Klinkenborg (Timothy; or, Notes of an Abject Reptile, 2006), who’s taught for decades, endeavors to keep things simple in his prose, and he urges other writers to do the same. (Note: He despises abuses of the word as, as he continually reminds readers.) In the early sections, the author ignores traditional paragraphing so that the text resembles a long free-verse poem. He urges readers to use short, clear sentences and to make sure each one is healthy before moving on; notes that it’s acceptable to start sentences with and and but; sees benefits in diagramming sentences; stresses that all writing is revision; periodically blasts the formulaic writing that many (most?) students learn in school; argues that knowing where you’re headed before you begin might be good for a vacation, but not for a piece of writing; and believes that writers must trust readers more, and trust themselves. Most of Klinkenborg’s advice is neither radical nor especially profound (“Turn to the poets. / Learn from them”), and the text suffers from a corrosive fallacy: that if his strategies work for him they will work for all. The final fifth of the text includes some passages from writers he admires (McPhee, Oates, Cheever) and some of his students’ awkward sentences, which he treats analytically but sometimes with a surprising sarcasm that veers near meanness. He includes examples of students’ dangling modifiers, malapropisms, errors of pronoun agreement, wordiness and other mistakes.

Analyzing his craft, a careful craftsman urges with Thoreauvian conviction that writers should simplify, simplify, simplify.

Pub Date: Aug. 7, 2012

ISBN: 978-0-307-26634-7

Page Count: 224

Publisher: Knopf

Review Posted Online: May 14, 2012

Kirkus Reviews Issue: June 15, 2012

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MOMOFUKU MILK BAR

With this detailed, versatile cookbook, readers can finally make Momofuku Milk Bar’s inventive, decadent desserts at home, or see what they’ve been missing.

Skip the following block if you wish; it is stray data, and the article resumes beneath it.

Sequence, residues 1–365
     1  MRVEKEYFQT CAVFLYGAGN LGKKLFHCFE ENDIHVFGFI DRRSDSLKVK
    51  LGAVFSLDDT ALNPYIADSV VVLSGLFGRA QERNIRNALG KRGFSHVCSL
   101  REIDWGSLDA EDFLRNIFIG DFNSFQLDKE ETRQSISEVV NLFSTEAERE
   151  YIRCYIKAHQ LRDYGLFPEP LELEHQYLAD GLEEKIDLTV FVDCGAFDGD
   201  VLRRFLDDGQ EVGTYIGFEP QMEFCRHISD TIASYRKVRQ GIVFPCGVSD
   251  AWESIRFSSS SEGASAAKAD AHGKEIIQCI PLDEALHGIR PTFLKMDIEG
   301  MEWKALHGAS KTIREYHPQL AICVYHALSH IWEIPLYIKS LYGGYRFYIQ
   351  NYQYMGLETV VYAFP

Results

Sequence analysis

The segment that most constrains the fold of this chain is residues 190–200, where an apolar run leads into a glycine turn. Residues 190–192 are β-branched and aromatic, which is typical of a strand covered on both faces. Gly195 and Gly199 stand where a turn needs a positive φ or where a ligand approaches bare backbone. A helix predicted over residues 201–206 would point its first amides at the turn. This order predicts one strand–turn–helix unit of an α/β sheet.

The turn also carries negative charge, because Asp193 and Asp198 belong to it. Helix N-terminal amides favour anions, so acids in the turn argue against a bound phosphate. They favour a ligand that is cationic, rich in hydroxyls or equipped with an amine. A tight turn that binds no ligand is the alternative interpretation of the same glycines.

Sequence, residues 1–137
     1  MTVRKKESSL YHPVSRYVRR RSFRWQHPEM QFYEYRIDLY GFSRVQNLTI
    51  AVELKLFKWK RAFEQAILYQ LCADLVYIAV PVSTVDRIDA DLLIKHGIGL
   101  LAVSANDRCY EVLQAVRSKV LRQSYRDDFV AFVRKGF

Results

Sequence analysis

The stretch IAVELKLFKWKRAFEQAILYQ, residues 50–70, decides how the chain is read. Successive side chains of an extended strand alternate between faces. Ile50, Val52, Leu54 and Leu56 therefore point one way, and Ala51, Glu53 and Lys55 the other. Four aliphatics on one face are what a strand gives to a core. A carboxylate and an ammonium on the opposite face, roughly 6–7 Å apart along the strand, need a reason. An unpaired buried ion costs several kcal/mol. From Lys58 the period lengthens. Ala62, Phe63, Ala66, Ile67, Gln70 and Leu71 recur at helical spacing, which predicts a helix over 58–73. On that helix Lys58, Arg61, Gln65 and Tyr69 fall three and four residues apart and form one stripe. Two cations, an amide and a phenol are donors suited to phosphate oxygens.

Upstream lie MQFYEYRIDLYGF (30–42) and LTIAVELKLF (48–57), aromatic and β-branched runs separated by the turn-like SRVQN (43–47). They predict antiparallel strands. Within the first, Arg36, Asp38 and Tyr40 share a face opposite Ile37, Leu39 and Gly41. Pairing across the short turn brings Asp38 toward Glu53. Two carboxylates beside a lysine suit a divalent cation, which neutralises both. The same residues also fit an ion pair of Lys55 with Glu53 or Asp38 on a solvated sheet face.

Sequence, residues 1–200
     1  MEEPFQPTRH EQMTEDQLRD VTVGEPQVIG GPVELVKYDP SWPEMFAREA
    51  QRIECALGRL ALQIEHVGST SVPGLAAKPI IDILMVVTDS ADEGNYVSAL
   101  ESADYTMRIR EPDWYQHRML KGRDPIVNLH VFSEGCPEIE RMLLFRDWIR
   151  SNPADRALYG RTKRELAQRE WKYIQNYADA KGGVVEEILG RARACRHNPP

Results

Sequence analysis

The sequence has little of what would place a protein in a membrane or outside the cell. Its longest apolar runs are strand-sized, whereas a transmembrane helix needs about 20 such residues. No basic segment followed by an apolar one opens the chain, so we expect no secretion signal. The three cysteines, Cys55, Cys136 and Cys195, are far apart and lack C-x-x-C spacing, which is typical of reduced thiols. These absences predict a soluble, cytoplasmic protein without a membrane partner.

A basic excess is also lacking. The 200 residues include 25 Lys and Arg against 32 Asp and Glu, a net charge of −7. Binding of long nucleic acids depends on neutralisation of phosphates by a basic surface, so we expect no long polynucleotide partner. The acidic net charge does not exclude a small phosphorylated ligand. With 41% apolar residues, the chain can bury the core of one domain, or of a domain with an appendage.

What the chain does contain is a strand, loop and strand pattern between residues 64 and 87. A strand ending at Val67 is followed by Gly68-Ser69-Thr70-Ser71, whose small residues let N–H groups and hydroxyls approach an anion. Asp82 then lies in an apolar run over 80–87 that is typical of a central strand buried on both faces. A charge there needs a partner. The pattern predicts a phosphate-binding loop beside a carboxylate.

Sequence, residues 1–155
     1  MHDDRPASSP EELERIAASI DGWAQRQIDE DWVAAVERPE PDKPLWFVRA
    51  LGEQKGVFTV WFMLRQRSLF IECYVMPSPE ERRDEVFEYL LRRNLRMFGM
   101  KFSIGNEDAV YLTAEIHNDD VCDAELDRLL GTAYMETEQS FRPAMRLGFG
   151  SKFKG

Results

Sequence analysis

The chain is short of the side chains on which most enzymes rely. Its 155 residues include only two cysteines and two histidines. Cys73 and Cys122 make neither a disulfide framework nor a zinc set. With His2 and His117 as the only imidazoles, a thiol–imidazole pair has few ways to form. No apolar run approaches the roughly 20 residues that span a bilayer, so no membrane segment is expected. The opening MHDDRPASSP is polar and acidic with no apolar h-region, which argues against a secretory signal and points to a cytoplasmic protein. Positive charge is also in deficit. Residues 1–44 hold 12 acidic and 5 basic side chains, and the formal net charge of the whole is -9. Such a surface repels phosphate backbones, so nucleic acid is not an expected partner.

In this successor to the Momofuku cookbook, Momofuku Milk Bar’s pastry chef hands over the keys to the restaurant group’s snack-food–based treats, which have had people lining up outside the door of the Manhattan bakery since it opened. The James Beard Award–nominated Tosi spares no detail, providing origin stories for her popular cookies, pies and ice-cream flavors. The recipes are meticulously outlined, with added tips on how to experiment with their format. After “understanding how we laid out this cookbook…you will be one of us,” writes the author. Still, it’s a bit more sophisticated than the typical Betty Crocker fare. In addition to a healthy stock of pretzels, cornflakes and, of course, milk powder, some recipes require readers to have feuilletine and citric acid handy, to perfect the art of quenelling. Acolytes should invest in a scale, thanks to Tosi’s preference of grams (“freedom measurements,” as the friendlier cups and spoons are called, are provided, but heavily frowned upon)—though it’s hard to be too pretentious when one of your main ingredients is Fruity Pebbles. A refreshing, youthful cookbook that will have readers happily indulging in a rising pastry-chef star’s widely appealing treats.    

 

Pub Date: Oct. 25, 2011

ISBN: 978-0-307-72049-8

Page Count: 256

Publisher: Clarkson Potter

Review Posted Online: Jan. 13, 2012

Kirkus Reviews Issue: Oct. 15, 2011